BAM Key Details:

  • CNBC’s Jim Cramer and David Faber discussed the Fed’s recent decision not to raise rates at the June FOMC meeting. 
  • Cramer argued that housing is at the epicenter of inflation and that strong measures are needed to correct our “inflationary environment.” 
  • He also pointed out that housing was removed from the CPI in 1983, while rent remained. And, as we know, the Fed’s outdated method of data collection on rental growth leaves plenty of room for doubt. 

CNBC’s Jim Cramer and David Faber recently discussed the Fed’s decision to hold rates steady after ten consecutive rate hikes. 

Here, we’re focusing on a few key points Cramer made, specifically regarding— 

  • The soft landing/hard landing question
  • Housing as the epicenter of inflation
  • The removal of housing from the CPI
  • What it will take to break the cycle

Soft landing vs. hard landing

Fed Chairman Jerome Powell has said before that he’s aiming for a “soft landing” for the economy, even as the continued rate hikes have had obvious and painful consequences for buyers and sellers alike. 

But to those speculating that a hard landing is more likely, Cramer suggests another possibility:

I think a lot of people were trying to figure out whether we’re going to have a soft landing or a hard landing. But yesterday, we discovered there’s a third choice—which is that the plane is still in the air and doesn’t have any intention of landing. So, how do you have a soft or hard landing? And the reason is because of housing. And housing is controlled by wages.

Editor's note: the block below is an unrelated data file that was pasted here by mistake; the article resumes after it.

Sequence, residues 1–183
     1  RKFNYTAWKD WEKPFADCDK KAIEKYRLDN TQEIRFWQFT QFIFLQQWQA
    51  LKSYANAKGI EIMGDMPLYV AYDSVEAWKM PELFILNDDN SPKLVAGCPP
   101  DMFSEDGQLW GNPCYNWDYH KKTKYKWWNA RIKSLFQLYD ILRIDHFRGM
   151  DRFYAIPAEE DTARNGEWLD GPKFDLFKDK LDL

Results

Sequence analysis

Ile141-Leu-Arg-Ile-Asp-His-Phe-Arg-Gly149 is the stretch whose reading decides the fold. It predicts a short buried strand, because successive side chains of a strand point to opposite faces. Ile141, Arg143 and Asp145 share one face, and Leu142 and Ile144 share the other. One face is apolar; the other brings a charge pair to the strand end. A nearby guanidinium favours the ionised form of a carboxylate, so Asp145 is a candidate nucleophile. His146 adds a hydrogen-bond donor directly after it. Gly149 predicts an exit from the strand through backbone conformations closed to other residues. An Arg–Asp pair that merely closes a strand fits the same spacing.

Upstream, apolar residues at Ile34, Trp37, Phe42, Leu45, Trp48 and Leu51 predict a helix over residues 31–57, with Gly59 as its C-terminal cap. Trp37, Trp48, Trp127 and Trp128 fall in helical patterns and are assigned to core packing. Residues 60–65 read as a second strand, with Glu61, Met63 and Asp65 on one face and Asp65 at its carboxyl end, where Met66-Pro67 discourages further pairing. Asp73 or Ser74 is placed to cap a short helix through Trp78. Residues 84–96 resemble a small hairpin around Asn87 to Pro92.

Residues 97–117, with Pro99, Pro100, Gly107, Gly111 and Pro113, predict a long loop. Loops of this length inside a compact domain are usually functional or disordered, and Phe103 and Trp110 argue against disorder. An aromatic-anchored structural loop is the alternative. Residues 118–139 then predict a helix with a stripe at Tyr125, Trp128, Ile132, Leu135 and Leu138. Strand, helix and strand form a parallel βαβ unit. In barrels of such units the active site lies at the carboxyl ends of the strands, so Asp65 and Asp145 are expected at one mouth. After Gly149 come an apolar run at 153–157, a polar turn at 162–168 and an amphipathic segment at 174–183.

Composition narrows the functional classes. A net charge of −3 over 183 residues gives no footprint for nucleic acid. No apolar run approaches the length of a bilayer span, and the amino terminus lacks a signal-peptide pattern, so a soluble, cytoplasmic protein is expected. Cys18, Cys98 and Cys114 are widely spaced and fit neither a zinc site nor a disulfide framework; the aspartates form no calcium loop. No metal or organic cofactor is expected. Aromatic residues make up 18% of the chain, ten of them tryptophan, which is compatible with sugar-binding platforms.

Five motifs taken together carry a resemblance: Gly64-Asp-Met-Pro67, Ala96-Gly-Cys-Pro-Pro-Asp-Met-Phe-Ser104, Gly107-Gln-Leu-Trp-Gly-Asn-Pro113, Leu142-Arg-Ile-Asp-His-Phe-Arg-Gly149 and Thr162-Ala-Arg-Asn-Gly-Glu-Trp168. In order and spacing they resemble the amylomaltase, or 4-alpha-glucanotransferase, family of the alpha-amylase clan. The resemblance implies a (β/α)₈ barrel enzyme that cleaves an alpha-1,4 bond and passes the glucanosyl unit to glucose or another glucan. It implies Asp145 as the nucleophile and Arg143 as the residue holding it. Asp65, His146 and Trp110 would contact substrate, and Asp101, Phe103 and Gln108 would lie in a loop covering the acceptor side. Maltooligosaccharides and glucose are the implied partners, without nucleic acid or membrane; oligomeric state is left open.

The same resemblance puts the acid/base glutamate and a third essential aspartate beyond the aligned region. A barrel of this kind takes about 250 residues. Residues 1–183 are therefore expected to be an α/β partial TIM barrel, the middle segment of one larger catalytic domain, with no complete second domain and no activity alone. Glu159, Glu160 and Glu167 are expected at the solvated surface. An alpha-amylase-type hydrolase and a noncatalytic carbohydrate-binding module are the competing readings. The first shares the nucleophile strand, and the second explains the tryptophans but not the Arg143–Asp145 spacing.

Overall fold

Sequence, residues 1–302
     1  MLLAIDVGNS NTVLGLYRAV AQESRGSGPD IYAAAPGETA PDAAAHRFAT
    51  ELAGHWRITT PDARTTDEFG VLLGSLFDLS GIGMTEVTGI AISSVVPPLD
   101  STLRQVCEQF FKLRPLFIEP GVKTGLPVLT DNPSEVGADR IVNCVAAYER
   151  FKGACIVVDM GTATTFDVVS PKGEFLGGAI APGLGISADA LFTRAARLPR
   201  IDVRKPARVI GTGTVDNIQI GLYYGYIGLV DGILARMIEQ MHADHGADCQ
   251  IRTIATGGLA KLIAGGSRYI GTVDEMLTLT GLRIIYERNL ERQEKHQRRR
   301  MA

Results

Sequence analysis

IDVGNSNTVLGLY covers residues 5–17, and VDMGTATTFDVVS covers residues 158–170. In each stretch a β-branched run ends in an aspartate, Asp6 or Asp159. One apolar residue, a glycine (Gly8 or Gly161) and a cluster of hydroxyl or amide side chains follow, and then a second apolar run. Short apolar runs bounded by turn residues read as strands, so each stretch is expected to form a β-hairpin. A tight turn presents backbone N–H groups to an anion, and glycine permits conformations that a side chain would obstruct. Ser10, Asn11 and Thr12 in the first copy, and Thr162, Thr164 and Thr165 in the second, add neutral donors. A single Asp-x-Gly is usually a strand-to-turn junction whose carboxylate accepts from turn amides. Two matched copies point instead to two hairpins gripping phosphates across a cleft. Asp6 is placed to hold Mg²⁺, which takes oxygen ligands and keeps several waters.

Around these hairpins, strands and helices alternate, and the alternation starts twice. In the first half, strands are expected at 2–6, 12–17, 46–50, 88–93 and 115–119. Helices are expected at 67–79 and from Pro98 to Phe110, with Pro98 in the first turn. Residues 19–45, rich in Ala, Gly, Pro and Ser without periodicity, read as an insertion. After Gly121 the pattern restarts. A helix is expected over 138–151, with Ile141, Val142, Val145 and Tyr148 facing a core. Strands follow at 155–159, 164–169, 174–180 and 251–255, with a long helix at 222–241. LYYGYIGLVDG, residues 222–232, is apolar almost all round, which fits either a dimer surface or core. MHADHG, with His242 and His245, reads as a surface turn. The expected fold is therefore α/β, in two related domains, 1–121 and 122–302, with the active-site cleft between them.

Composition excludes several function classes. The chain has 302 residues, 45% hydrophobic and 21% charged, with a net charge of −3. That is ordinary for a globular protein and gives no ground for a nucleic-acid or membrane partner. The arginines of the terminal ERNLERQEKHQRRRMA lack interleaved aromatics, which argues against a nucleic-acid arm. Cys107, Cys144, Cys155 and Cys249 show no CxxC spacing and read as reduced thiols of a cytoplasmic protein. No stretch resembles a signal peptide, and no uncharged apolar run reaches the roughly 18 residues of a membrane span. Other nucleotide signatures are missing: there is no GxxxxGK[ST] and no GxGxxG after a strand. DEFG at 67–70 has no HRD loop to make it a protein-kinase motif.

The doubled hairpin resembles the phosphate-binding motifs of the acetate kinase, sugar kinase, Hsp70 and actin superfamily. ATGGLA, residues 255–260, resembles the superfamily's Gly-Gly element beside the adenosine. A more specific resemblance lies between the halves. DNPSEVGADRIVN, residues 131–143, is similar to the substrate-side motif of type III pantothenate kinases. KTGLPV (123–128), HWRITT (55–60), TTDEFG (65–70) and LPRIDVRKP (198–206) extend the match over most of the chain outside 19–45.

Jim Cramer

Housing is at the epicenter of inflation

As Jim Cramer sees it, housing is the main issue at the center of the inflation the Fed is intent on taming. 

You want to know the key to this? Go to the Home Depot Conference Call…and you will hear why they have to do it. Home Depot is saying this is an incredibly inflationary time. There’s inflation everywhere. Housing, by the way, $13 trillion in value has been created. Home prices are up 40% since 2019. Everything trickles down from housing. And housing, we’re gonna hear from Lennar, same thing. It is where the epicenter of inflation is, and it’s rippled throughout the economy.

Jim Cramer

The removal of housing from the CPI

Near the end of the segment, Cramer pointed out a critical change that was made to the CPI back in 1983:

About thirty years ago…there was a debate about how to make it so the CPI didn’t look that high. So, they took homes out of it! I wish I were joking about this. They took homes out of it, but they kept rents in…I mean, that was sleight of hand to take homes out of it…. And homes are out of control. They can’t build them fast enough…So, the supply of homes is very limited…rental supply is very limited. And we’re supposed to say we’re in a non-inflationary environment? …The Home Depot call was chilling. And if the Fed listened to that, they would say, ‘We are SO not done!’ If Gundlach would listen to the Home Depot, you would just say, ‘Holy cow, are we in a jam!

Jim Cramer

So, housing was removed, and rent data is the sole indicator of shelter inflation considered by the Fed—which, as Byron Lazine has pointed out many times on the Hot Sheetrelies on outdated methods of data collection to measure rent growth.